Interview: Carnegie Mellon Professor Ari Lightman On How Students Are Empowered By Learning To Use Brandwatch Consumer Research
By Kara FinnertyJun 10
At Brandwatch we’ve been exploring the topic of location in social data: what it is, what it means, and what you can do with it.
For those uninitiated, we’ve recently published a primer on the topic, introducing some of the difficulties and potential of location data. The subject of location data and how it can be used is not as simple as you may think.
For the first installment in the series, we’ll be looking at the use of location data for advertising purposes – how it’s done well, how it could evolve, and the limitations currently facing us.
Social media advertising is subject to intense scrutiny these days. It is still very much in its infancy yet the fates of some of the most famous tech companies in the world hang on its success or failure.
Location data may well prove to be one of the key factors in creating that success.
Location has always been a vital element of advertising strategy. The well-placed ad can be a work of art – see above the genius of IKEA’s ‘Free Snowman’ sign placed in a snowdrift, or the logic of placing travel ads showing images of gorgeous beaches on dreary, packed trains, attracting the early-morning commuters to consider booking a trip as soon as they reach the office.
Location matters because it supplies context.
Social media advertising still feels to many like a bit of a blunt instrument, awkward and obtrusive. But with more data about audiences, behavior, timing and now location, we are seeing social advertising maturing into a powerful option for marketers.
There’s something extremely pleasing about seeing an ad in just the right place, at the right time. It feels like some thought has gone into it, like it belongs there.
Rather than interrupting your favorite TV show or clogging up your morning paper with messages that bear no relevance to the situation, an ad in the right place at the right time can delight and inform.
Having access to highly-accurate location data from social media offers digital marketers many possibilities in terms of research but also the opportunity to emulate the creativity and ingenuity of those brilliant billboard and poster designers.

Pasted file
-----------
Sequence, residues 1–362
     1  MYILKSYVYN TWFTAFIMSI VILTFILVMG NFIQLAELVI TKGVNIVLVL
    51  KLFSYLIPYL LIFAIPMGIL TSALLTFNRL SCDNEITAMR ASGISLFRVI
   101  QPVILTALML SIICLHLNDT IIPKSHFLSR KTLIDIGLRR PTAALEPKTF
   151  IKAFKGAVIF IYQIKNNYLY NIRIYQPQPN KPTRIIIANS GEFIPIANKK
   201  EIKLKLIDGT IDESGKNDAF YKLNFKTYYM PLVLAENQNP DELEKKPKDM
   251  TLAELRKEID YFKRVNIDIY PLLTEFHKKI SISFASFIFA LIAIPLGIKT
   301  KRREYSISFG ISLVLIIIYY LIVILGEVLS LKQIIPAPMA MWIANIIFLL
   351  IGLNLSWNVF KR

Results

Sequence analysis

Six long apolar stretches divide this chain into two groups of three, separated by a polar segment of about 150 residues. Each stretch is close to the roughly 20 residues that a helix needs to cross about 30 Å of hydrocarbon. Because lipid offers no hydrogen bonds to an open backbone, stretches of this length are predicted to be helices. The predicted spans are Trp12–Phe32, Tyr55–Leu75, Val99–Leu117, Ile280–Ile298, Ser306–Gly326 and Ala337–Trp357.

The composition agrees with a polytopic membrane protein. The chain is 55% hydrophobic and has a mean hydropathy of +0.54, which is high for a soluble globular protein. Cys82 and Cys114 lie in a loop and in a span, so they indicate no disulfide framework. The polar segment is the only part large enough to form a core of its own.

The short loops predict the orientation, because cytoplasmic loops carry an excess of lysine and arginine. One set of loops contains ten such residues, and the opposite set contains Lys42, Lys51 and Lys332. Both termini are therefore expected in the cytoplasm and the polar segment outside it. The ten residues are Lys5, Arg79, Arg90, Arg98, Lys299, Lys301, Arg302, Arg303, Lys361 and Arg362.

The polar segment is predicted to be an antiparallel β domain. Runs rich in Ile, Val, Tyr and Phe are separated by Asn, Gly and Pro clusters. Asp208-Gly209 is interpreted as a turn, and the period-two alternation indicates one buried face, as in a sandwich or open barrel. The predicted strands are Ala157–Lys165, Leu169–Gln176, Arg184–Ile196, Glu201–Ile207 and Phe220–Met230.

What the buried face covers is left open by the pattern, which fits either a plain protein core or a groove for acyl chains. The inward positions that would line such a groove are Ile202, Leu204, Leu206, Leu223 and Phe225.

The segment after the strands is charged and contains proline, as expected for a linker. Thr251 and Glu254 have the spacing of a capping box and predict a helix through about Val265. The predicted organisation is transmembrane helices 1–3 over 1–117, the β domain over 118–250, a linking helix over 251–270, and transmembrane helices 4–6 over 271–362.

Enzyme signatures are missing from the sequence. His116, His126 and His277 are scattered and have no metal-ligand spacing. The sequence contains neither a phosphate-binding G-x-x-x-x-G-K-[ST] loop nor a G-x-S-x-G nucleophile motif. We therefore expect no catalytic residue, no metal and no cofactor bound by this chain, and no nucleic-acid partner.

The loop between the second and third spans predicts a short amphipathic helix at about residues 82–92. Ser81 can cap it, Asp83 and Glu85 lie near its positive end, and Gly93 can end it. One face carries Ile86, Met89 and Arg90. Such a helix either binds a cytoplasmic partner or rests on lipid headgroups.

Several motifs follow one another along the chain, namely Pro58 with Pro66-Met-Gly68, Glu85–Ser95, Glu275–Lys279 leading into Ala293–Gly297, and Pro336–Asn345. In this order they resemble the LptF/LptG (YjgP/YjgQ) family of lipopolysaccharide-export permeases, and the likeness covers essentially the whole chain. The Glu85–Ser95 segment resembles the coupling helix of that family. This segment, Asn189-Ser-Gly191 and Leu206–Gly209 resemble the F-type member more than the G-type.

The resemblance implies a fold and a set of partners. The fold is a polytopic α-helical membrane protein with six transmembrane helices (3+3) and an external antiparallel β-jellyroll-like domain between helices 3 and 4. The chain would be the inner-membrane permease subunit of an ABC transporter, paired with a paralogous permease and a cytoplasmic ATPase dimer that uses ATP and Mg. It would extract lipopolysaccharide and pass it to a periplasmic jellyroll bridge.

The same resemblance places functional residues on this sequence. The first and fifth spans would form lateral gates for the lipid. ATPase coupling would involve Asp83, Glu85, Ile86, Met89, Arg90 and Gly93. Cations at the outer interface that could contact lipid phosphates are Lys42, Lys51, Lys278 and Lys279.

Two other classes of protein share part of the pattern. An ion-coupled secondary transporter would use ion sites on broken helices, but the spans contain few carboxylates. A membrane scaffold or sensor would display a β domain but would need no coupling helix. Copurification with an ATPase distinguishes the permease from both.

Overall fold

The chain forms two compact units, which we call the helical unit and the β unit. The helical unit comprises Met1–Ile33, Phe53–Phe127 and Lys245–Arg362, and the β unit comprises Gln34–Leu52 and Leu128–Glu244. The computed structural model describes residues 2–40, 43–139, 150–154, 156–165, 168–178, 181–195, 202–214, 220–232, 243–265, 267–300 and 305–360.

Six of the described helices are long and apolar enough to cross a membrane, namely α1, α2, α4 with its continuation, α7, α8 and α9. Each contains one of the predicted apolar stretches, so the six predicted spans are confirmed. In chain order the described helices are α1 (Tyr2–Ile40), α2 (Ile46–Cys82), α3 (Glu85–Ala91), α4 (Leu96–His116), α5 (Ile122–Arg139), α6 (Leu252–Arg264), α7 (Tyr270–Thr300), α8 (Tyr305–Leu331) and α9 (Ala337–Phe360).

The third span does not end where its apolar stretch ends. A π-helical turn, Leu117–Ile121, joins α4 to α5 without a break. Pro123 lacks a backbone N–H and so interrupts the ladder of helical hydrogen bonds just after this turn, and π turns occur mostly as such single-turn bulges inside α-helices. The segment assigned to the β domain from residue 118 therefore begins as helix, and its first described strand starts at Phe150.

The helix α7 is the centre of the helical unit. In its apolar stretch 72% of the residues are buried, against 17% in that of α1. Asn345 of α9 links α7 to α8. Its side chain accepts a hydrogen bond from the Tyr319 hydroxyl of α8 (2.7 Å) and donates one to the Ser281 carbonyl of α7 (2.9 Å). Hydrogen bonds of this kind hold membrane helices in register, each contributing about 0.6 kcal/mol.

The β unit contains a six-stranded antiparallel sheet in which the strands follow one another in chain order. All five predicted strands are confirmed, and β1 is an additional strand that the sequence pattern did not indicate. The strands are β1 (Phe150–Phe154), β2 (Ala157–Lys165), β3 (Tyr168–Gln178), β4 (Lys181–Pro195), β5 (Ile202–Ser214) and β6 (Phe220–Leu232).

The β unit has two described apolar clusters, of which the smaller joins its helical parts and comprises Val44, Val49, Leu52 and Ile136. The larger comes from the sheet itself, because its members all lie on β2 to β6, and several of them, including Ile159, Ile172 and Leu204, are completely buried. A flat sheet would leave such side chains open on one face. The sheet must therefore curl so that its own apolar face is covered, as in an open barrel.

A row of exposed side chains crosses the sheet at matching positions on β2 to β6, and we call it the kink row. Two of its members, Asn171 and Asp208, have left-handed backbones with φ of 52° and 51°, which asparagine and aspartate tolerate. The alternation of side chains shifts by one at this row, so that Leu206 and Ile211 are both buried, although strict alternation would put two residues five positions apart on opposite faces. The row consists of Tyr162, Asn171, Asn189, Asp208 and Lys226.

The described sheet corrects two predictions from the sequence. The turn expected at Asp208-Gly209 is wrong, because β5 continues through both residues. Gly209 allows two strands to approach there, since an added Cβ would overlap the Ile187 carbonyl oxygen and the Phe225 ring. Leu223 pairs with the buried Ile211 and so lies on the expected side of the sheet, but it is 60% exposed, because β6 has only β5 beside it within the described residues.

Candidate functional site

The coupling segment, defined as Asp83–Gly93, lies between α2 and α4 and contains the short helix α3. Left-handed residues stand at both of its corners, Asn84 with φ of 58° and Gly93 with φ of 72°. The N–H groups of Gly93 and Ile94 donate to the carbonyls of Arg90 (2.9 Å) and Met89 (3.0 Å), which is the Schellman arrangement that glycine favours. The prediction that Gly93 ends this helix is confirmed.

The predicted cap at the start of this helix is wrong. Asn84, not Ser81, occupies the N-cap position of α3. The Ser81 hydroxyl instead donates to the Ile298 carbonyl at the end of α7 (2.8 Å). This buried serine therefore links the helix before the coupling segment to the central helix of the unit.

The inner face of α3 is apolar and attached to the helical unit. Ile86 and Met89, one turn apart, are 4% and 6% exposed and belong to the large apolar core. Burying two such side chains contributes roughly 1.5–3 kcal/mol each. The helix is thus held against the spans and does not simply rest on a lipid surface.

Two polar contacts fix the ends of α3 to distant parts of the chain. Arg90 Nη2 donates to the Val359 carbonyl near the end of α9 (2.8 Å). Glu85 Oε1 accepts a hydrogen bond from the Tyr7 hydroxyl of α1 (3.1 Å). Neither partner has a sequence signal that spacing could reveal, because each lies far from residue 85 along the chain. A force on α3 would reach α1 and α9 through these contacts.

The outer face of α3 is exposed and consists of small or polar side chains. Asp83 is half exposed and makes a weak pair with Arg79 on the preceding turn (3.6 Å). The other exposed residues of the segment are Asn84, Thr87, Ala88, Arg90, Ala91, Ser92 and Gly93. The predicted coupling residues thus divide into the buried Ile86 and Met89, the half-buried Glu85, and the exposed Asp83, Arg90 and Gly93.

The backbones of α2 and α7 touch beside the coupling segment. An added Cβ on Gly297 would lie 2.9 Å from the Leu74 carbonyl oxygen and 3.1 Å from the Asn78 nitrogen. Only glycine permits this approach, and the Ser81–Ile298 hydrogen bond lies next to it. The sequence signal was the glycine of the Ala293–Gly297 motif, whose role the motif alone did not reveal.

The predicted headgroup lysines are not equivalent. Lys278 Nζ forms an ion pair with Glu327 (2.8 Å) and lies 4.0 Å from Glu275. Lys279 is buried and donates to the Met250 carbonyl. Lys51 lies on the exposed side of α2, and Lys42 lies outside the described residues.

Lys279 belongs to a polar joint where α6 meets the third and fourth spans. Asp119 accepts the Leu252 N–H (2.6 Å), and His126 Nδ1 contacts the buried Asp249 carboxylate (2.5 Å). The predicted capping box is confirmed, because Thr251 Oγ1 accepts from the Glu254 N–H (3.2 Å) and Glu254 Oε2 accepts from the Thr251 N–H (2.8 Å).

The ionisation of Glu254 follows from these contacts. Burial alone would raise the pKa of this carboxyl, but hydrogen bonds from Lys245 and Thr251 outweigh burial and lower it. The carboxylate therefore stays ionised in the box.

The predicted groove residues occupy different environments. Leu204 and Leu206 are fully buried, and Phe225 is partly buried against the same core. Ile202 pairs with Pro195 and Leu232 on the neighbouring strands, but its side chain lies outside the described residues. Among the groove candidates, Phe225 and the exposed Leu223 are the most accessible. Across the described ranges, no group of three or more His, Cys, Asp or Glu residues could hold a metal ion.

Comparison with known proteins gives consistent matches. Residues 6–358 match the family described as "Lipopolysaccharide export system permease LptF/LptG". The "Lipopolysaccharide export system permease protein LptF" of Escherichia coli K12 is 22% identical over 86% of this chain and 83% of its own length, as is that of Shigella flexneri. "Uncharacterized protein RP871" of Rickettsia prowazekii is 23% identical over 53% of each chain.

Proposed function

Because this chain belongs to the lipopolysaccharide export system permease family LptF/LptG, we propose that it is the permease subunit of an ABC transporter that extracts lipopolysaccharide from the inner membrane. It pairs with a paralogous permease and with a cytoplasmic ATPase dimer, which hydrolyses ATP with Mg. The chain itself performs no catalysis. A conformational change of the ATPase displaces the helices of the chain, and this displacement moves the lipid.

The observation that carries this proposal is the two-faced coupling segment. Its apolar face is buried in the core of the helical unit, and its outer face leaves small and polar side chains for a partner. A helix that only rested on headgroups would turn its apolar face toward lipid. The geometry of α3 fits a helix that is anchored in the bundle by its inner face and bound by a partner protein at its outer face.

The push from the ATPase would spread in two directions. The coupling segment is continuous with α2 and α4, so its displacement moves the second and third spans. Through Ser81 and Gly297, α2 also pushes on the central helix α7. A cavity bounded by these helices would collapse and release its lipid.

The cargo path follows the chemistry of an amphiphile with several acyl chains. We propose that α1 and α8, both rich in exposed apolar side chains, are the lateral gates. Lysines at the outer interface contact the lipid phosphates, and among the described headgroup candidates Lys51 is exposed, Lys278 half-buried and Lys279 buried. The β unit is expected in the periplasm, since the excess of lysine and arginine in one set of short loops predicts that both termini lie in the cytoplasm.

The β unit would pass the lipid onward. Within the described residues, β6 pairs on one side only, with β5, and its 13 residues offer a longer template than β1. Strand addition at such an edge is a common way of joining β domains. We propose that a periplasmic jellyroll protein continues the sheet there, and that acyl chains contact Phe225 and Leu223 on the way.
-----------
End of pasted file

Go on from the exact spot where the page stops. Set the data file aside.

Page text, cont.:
Adam Levy has pointed out that there is considerable opportunity for social advertising when used in conjunction with new technologies, such as the single user interface ticketing being trialled on Twitter by sports teams such as the Atlanta Hawks, and musical acts like Slayer.
Social media lets us reach audiences across the world, but reaching the exact right audience is where the real value, the real social ROI, will lie. And location is a powerful context with which to begin building those audiences.
Ads targeted at people who have recently been to a particular mall or airport, for example, might provide relevant deals to encourage them to return or that reward them for being regular visitors.
Ads aimed at people who were at a specific sporting or music event might contain messaging from the celebrities they’ve recently seen. And, going back to the commuter example, an advertiser might target people who they know are regularly travelling on the same route – a captive audience of sorts.
As with almost everywhere else advertising is happening today, a lot rides on how we, the public, decide we want to engage with these ads and how much of our data we want to be given to the people who make them.
Facebook recently introduced the ability to target ads around a specific address, allowing users to simply type in the zip code and street number of a business and select a radius distance around it that you want to reach.
Twitter also lets you target by zip-code and an increasing number of regions and neighborhoods around the globe. What’s more, with their tailored audiences, you can upload lists using your own location-based research. Though still rare, geotagged Tweets can pinpoint a Tweeter’s location to within a matter of feet.
But, and there’s a big but, to have location coordinates attached to your Tweets you need to opt-in (it is turned off by default).
This means only a small percentage of Tweets are geotagged. Whether this percentage will rise as a younger generation becomes less concerned with sharing their location or shrink further still as our society craves more privacy, remains to be seen. Of course, this is not the only way to determine where someone is – language, hashtags, even images are all potential location-data too.
What is certain is that advertisers will continue to experiment and innovate and social ads, for the time being, are coming to a place near you.
If you’re interested in learning more about the new location features in Brandwatch, click here.